The course consists of ten units of study, all of which you should complete. They make up the following three modules.
Section 1 Managing the Farm for Environmental Sustainability
This module (Units 1–3) provides material that will help you to appreciate how animal production and environmental sustainability have to be balanced. It focuses on some of the impacts that livestock farming can have on the environment. These include changes in plant and wildlife composition in ecosystems, soil erosion, effects on groundwater and surface water quality, and disease hazards for other species.
Section 2 Ecology, Environment and their Effect on Livestock
The second module (Units 4–7) examines some of the hazards and impacts of climate change and rising population density. It is predicted that the present trend towards urbanization of the world’s population will continue for at least another 25 years. Along with this there will be continued growth in horticulture and in the production of crops and poultry around the major towns and cities, as ungulate farming is displaced to more remote areas which are generally less suitable for arable farming. This module looks at the effects that these trends are having on the sustainability of livestock farming. It also examines the parasite hazards associated with climate change, urban livestock farming and keeping companion animals in cities, as well as some of the emerging and re-emerging animal diseases.
Section 3 Wildlife Biology and Habitat Encroachment
In the final module (Units 8–10) you will consider the issue of wildlife habitats in relation to livestock production and other forms of agriculture. There is growing emphasis in farming policy on conserving wildlife species, especially those that are at risk of becoming endangered or rare. In the European Union large amounts of financial assistance are now going towards this aim, replacing some of the former commodity-based subsidies. Traditionally there has been a need to control unwanted wildlife, and in particular wildlife that transmits diseases to livestock, companion animals and humans. This need still exists, but traditional methods are to some extent being replaced by schemes that aim at damage control rather than pest elimination.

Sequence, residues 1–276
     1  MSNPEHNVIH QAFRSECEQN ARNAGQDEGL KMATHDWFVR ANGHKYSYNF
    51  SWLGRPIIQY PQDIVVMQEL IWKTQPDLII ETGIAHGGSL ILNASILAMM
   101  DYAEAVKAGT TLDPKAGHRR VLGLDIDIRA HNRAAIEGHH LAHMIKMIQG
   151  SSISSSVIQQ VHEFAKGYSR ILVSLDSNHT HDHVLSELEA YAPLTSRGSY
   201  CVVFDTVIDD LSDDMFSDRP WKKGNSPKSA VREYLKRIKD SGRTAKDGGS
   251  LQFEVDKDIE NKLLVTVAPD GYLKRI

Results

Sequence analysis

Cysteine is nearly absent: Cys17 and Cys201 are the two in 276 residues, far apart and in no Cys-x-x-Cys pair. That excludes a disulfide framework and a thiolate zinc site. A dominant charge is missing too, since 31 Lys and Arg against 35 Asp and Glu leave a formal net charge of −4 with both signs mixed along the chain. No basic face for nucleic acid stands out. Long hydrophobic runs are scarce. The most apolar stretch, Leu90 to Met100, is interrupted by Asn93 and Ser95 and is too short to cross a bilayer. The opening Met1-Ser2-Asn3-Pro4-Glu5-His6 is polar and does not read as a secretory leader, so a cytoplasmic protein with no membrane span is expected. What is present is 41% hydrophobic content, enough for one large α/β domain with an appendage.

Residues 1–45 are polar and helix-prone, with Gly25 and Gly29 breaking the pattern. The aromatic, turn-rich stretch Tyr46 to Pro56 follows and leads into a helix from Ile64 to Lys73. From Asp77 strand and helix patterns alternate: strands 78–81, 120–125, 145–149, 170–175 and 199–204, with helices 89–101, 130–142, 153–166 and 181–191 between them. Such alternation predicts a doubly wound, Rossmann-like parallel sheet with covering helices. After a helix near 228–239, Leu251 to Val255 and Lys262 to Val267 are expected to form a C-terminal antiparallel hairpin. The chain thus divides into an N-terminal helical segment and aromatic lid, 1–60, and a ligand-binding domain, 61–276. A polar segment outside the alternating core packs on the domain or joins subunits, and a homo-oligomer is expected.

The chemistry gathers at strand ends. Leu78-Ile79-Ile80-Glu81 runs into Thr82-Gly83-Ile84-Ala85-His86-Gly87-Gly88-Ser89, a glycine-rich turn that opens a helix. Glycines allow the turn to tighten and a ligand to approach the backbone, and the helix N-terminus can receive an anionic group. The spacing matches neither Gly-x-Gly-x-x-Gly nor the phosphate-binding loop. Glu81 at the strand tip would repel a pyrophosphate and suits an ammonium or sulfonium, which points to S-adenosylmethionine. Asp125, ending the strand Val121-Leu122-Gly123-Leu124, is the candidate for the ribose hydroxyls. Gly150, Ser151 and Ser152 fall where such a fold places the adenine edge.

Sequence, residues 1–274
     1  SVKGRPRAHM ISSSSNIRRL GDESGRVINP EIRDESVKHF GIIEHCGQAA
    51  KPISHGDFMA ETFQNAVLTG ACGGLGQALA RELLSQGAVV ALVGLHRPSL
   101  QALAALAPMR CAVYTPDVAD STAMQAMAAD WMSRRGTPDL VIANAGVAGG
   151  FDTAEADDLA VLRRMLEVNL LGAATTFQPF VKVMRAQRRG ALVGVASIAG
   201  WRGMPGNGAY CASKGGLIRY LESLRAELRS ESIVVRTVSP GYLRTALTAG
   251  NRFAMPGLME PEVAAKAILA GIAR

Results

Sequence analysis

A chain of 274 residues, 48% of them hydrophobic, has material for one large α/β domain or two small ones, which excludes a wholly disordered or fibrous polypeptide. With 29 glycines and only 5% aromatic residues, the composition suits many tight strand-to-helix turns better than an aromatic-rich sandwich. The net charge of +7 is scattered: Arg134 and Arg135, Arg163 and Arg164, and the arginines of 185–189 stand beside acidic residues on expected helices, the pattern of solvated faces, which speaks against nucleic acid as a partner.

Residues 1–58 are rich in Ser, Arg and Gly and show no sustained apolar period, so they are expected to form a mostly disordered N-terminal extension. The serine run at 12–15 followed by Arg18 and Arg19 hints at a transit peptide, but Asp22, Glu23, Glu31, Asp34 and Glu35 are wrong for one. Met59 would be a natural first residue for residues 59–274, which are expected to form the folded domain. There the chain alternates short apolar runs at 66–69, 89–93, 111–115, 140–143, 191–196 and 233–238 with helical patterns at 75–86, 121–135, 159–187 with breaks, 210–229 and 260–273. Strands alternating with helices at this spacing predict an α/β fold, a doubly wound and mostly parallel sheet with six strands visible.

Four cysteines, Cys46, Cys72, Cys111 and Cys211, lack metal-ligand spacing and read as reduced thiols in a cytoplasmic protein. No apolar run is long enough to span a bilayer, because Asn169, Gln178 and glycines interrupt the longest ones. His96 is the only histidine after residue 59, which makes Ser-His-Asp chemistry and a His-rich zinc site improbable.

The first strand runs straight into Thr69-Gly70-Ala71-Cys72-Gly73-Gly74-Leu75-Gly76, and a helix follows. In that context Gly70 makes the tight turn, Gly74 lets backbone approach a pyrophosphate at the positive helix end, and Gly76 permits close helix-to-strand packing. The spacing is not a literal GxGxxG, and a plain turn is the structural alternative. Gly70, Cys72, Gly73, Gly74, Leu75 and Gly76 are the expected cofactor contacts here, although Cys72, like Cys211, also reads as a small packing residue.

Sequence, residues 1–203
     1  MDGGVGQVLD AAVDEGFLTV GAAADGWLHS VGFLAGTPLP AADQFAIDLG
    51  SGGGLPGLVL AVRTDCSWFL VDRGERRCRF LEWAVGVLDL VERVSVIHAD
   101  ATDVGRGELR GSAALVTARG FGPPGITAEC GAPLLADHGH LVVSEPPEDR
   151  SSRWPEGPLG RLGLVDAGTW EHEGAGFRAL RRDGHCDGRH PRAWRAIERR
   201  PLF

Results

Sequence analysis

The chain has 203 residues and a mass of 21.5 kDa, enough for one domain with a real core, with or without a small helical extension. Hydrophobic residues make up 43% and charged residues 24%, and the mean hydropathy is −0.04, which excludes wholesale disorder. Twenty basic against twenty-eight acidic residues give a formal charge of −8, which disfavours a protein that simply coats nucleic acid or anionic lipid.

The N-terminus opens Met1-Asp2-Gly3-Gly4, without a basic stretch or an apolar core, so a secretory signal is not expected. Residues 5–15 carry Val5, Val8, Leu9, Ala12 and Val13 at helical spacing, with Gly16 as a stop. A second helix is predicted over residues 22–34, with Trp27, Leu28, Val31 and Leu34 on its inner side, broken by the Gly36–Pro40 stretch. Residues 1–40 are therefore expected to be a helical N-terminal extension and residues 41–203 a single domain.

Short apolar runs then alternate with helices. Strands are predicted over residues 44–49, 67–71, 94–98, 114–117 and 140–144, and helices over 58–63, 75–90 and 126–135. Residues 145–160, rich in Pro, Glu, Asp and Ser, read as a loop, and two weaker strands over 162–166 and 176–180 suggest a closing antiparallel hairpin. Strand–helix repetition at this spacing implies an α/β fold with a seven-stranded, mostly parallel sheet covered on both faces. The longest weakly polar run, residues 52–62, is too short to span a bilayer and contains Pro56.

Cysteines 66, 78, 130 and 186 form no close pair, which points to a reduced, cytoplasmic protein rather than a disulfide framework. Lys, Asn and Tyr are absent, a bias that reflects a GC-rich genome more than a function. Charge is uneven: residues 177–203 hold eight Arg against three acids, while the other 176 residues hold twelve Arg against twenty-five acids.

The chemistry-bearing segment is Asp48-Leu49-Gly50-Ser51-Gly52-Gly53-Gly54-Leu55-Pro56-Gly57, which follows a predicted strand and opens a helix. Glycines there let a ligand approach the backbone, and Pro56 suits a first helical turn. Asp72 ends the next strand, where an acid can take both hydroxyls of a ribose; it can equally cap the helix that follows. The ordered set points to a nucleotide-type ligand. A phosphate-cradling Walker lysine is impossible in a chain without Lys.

The aims of this course are to give you an understanding of how:
- plant and animal successions occur in changing landscapes
- wildlife conservation can interact with the farm environment
- soil is eroded in pastoral farming systems
- water resources can be protected
- livestock wastes can be rendered safe
- the changing environment is affecting disease patterns in livestock
- rising soil salinity is affecting some semi-arid livestock properties
- natural disasters present threats to animals
- national environmental policies can be translated into objectives at farm level.
Your work for this course will be assessed by means of a 3-hour unseen written examination paper which will take the form of essay questions. In addition, you must submit at least one and up to three TMAs.
The grade awarded will be based on the mark obtained in the written examination (80%) and on the mark for the compulsory TMA (20%).